How deeply all this pierced Eva's heart! how terrible was the torture of the thought that she was the cause of this frightful misfortune! Dissolved in an agony of tears, she entreated the poor girl to forgive her; and Els did so willingly, and in a way that touched her father to the very depths of his heart. How good the girls must be who, spite of the sore suffering which one had brought upon the other, were still so loving and loyal!
Convinced that Eva, too, had done nothing worthy of punishment, he went towards them to clasp both in his arms, but ere he could do so the clap of thunder which had frightened Katterle so terribly shook the whole room. "St. Clare, aid us!" cried Eva, crossing herself and falling upon her knees; but Els rushed to the window, opened it, and looked down the street. Nothing was visible there save a faint red glow on the distant northern horizon, and two mailed soldiers who were riding into the city at a rapid trot. They had been sent from the stables in the Marienthurm to keep order in case a fire should break out. Several men with hooks and poles followed, also hurrying to the Frauenthor.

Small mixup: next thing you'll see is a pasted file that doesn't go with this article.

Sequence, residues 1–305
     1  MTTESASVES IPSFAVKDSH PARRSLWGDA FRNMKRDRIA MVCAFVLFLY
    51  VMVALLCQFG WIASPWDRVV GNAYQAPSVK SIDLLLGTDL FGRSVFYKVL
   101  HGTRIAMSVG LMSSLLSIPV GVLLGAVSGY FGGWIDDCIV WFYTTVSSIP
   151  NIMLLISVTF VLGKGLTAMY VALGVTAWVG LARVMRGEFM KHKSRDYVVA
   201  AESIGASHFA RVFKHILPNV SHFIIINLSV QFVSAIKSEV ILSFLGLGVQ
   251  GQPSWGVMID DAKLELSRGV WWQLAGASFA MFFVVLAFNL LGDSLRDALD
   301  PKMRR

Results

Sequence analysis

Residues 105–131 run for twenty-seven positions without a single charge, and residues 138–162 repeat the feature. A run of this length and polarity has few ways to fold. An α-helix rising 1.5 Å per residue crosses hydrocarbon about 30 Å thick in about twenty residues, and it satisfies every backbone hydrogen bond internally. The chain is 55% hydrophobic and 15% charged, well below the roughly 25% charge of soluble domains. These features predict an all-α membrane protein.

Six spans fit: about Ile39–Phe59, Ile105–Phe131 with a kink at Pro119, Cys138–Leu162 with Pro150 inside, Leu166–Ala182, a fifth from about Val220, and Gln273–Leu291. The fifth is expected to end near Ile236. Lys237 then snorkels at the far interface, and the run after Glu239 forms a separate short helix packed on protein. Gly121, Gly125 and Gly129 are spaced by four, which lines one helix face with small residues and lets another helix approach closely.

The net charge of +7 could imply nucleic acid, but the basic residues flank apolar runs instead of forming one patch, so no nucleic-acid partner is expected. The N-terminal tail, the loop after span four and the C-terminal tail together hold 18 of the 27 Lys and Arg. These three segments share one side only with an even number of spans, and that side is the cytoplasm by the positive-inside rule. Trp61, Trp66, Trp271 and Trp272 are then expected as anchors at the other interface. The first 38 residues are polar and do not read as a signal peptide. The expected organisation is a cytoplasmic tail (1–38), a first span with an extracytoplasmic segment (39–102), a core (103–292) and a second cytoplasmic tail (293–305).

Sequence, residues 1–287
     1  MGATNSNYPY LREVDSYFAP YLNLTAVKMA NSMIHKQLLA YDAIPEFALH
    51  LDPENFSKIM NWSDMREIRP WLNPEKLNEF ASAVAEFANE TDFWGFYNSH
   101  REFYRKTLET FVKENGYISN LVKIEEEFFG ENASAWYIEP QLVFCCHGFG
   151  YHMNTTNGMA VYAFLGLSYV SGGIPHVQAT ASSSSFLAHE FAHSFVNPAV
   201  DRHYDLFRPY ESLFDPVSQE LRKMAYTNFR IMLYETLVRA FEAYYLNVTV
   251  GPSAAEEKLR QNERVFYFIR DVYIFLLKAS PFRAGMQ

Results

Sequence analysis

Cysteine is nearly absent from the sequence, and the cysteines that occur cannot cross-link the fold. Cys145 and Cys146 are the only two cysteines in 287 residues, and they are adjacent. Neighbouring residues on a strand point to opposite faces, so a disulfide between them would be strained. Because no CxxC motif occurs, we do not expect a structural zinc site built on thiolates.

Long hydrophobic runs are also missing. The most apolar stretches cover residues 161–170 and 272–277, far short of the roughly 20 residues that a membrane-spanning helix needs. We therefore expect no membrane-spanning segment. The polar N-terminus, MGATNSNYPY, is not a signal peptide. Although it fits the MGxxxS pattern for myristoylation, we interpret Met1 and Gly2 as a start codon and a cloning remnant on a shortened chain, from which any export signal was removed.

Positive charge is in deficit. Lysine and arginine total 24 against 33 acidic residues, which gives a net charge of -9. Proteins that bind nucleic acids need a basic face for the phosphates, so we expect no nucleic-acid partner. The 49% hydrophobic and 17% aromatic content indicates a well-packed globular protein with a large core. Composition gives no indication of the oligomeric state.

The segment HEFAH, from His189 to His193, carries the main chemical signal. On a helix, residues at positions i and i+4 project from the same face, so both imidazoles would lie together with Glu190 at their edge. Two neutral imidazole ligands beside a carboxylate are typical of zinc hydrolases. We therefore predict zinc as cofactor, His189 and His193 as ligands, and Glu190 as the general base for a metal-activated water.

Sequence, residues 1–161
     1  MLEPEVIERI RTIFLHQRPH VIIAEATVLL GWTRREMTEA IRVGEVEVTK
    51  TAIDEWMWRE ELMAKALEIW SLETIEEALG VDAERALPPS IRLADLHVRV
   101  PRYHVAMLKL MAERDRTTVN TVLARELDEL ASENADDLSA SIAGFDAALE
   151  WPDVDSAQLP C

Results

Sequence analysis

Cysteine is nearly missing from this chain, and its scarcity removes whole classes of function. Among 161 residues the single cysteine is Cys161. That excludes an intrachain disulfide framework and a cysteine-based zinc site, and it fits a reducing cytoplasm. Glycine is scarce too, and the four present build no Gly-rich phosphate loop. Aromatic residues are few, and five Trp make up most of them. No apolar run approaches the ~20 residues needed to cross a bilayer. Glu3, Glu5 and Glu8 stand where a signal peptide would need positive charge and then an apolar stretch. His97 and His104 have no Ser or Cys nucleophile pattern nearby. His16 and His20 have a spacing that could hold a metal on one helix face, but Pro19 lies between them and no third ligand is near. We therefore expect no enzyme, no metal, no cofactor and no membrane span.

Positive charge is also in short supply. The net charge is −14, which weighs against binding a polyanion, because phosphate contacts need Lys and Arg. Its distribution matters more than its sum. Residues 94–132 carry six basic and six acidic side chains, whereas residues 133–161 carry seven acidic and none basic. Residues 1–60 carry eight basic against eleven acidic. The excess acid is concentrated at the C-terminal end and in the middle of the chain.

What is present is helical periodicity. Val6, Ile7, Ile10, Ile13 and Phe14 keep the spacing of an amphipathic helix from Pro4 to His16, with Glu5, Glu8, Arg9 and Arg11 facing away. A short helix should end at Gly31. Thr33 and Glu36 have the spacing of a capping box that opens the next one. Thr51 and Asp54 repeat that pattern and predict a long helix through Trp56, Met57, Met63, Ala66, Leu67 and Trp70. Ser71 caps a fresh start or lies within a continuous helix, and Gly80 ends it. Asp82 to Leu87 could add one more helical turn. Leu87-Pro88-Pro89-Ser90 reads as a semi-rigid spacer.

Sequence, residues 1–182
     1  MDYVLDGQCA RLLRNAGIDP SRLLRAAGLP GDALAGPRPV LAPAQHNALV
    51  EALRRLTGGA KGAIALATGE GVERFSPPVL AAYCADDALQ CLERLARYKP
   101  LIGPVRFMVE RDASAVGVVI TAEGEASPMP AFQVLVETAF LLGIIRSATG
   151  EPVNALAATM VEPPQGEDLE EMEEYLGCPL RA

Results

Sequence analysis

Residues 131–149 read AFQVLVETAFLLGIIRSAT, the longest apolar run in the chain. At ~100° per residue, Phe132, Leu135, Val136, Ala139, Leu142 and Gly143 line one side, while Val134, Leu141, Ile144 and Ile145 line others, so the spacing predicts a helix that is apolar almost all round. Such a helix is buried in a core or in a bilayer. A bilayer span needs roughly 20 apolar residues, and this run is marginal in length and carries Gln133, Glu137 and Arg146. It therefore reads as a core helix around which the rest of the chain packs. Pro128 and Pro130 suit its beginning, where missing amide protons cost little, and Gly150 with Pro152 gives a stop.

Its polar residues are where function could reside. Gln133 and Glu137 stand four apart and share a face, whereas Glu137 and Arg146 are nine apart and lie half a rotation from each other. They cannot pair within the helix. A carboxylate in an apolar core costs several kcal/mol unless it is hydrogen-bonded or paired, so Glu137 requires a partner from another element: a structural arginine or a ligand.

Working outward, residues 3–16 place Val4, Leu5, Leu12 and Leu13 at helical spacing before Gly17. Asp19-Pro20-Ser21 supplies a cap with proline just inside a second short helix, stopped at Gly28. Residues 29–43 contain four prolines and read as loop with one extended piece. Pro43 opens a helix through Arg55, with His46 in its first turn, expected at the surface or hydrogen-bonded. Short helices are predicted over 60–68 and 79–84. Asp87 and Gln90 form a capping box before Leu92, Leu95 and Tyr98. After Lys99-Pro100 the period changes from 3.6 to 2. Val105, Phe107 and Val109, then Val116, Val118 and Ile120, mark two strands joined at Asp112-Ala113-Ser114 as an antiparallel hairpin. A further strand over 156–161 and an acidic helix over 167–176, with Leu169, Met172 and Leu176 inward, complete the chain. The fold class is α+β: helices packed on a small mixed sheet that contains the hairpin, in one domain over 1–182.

In reply to the question where the fire was and where they going, they answered: "To the Fischbach, to help. Flames have burst out apparently under the fortress at the Thiergartenthor."
The long-drawn call for help from the warder's horn, which came at the same moment, proved that the men were right.
Herr Ernst hastened out of the room just as Katterle's shriek, "The lightning struck! the convent is burning!" rung from the upper step of the stairs.
He had already pronounced her sentence, and the sight of her roused his wrath again so vehemently that, spite of the urgent peril, he shouted to her that, whatever claimed his attention now, she certainly should not escape the most severe punishment for her shameful conduct.